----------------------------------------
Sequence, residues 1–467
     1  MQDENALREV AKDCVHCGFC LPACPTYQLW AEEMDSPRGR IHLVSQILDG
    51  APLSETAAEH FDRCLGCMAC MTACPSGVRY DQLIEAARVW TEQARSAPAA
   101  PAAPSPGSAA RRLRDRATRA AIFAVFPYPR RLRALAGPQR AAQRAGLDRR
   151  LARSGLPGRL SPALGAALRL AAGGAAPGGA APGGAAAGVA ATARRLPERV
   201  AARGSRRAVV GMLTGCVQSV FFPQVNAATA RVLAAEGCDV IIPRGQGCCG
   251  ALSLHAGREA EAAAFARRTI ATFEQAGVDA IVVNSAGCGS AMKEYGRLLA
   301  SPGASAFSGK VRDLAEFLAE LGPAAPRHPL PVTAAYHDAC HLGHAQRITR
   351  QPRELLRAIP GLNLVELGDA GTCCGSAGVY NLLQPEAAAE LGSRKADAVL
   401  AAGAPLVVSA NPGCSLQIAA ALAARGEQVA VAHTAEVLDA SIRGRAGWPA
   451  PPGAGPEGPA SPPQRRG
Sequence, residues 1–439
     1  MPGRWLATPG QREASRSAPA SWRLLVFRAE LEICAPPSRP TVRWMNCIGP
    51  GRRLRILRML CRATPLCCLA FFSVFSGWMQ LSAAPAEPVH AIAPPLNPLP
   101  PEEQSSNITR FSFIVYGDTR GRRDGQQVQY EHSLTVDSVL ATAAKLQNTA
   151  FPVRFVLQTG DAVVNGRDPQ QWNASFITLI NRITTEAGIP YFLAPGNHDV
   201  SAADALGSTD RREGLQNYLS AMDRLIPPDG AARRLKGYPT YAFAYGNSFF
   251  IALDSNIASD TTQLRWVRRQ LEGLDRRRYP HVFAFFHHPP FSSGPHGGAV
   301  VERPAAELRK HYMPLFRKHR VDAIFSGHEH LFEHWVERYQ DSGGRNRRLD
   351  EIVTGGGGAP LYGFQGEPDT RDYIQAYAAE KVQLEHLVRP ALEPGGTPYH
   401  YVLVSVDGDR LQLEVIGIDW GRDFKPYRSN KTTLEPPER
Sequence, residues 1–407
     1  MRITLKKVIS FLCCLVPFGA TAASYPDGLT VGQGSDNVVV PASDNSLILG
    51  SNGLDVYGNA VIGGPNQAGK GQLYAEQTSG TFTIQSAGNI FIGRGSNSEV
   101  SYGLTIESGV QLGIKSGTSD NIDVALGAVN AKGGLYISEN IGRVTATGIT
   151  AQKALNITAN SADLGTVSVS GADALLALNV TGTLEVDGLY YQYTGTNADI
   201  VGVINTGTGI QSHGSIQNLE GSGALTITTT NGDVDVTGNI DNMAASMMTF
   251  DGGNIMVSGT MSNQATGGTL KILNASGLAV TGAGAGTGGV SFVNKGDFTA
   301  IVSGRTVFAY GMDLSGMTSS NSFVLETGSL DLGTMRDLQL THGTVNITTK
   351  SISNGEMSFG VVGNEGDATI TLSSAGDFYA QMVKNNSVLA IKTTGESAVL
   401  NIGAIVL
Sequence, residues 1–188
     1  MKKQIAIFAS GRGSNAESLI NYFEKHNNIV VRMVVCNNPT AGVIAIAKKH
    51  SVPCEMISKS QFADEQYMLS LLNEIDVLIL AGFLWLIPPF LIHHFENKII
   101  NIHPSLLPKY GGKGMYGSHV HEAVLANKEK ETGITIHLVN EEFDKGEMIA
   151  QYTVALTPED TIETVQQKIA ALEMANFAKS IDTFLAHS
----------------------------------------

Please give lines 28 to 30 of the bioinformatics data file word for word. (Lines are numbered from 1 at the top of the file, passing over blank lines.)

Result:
   251  DGGNIMVSGT MSNQATGGTL KILNASGLAV TGAGAGTGGV SFVNKGDFTA
   301  IVSGRTVFAY GMDLSGMTSS NSFVLETGSL DLGTMRDLQL THGTVNITTK
   351  SISNGEMSFG VVGNEGDATI TLSSAGDFYA QMVKNNSVLA IKTTGESAVL